The Food and Drug Administration approved the first temporary artificial heart for use in patients at risk of dying as they await a heart transplant, device manufacturer SynCardia Systems announced Monday.
The CardioWest Total Artificial Heart takes over for the patient's failing heart, restoring normal blood pressure and shoring up such organs as the kidney and liver. The bridge device, manufactured by the Tucson, Ariz.-based company, helps keep patients alive long enough for the eventual heart transplant.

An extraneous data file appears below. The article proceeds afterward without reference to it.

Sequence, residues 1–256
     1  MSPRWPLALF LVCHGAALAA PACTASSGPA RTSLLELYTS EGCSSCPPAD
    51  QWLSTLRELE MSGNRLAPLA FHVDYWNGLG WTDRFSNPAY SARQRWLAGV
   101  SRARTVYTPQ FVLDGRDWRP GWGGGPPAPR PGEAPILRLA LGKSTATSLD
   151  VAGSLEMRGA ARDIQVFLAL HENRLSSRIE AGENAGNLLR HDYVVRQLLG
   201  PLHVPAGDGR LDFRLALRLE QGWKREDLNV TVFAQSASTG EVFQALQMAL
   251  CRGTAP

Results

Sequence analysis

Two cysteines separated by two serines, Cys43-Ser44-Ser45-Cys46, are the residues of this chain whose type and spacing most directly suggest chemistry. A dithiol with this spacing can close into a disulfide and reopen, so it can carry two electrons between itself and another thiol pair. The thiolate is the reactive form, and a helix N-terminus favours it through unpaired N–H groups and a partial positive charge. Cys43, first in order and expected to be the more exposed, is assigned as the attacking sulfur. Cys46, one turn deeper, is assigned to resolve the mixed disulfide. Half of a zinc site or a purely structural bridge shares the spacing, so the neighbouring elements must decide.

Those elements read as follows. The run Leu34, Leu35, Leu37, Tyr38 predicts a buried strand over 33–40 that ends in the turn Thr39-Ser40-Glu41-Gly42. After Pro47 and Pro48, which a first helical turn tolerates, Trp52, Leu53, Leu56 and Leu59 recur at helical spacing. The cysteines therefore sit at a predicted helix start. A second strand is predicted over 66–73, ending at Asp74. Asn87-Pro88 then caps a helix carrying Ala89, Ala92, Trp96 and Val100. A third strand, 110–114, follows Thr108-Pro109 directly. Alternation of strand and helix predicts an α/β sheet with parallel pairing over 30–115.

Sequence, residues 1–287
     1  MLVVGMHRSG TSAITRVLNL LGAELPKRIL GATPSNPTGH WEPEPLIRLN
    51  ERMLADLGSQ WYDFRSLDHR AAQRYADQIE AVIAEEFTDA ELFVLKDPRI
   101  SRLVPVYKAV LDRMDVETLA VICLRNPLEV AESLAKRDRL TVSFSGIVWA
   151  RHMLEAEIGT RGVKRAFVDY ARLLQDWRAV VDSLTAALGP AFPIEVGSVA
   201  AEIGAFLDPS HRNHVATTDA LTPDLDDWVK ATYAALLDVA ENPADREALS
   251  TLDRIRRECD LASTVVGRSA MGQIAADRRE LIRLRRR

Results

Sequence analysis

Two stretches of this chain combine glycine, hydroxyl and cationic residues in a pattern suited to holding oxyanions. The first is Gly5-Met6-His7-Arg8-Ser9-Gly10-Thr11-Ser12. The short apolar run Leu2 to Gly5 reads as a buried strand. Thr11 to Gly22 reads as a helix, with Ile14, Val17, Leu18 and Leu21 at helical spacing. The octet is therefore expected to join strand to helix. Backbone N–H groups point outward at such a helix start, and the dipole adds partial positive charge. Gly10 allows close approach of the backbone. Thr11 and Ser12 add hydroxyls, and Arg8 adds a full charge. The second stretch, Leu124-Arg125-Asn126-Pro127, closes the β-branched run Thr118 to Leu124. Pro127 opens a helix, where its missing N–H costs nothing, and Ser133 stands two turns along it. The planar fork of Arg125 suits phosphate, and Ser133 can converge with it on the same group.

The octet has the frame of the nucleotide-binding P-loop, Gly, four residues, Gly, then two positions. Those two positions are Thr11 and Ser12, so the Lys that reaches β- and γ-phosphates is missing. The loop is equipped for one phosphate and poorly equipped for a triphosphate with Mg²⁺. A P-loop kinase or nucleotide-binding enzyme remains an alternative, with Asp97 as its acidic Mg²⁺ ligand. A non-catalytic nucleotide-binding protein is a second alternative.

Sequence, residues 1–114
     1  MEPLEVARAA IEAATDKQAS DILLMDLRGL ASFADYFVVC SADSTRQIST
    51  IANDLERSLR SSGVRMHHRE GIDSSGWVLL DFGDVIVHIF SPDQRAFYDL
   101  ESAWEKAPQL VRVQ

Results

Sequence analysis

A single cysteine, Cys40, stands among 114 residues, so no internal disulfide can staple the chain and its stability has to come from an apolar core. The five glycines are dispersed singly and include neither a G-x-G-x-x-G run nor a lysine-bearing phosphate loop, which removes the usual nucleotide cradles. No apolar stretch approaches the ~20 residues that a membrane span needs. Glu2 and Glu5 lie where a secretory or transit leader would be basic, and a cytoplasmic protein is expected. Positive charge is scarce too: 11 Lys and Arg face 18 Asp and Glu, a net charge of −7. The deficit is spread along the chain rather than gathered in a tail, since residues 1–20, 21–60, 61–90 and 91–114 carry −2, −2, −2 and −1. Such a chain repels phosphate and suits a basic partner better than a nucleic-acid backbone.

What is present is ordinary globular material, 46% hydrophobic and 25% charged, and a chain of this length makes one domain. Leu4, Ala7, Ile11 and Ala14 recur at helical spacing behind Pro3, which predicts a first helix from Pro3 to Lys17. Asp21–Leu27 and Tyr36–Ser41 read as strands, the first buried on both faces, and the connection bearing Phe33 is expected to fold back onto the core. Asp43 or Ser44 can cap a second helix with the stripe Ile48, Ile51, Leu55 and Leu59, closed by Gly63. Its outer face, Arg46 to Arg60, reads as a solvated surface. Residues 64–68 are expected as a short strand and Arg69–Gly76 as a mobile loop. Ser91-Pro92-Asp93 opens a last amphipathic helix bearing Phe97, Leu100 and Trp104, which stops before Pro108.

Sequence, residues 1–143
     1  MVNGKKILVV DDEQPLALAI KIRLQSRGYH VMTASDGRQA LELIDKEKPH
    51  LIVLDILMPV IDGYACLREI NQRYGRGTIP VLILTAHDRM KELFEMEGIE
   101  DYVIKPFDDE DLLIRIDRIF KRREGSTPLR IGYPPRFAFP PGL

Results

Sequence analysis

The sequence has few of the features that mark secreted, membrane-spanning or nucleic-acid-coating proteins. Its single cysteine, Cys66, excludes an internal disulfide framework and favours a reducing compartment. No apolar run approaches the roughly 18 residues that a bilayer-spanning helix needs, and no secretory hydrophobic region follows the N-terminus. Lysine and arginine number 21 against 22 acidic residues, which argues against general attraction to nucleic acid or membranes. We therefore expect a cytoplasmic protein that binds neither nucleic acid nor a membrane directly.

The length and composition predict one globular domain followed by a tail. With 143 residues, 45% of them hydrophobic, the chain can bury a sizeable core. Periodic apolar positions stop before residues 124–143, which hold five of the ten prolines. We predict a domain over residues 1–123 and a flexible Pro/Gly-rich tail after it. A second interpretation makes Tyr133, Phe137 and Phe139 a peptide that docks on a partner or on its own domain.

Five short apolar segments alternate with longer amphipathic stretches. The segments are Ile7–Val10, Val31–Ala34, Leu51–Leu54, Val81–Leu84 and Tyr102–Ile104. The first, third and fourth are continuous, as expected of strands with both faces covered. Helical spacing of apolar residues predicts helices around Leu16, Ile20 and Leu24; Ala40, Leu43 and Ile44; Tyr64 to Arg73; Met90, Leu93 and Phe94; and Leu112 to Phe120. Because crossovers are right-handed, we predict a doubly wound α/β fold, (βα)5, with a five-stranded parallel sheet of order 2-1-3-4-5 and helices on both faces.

An FDA advisory committee in March recommended that the agency approve the device, with caution, since the complex surgery to install the device raises the potential for such complications as infection, bleeding and stroke.
Despite those risks, the panel found the device to have benefits for a small number of patients with no other choice.
Dr. Marvin J. Slepian, SynCardia president and chief executive office, said in a prepared statement that the agency approval represents a "significant milestone in medical history."
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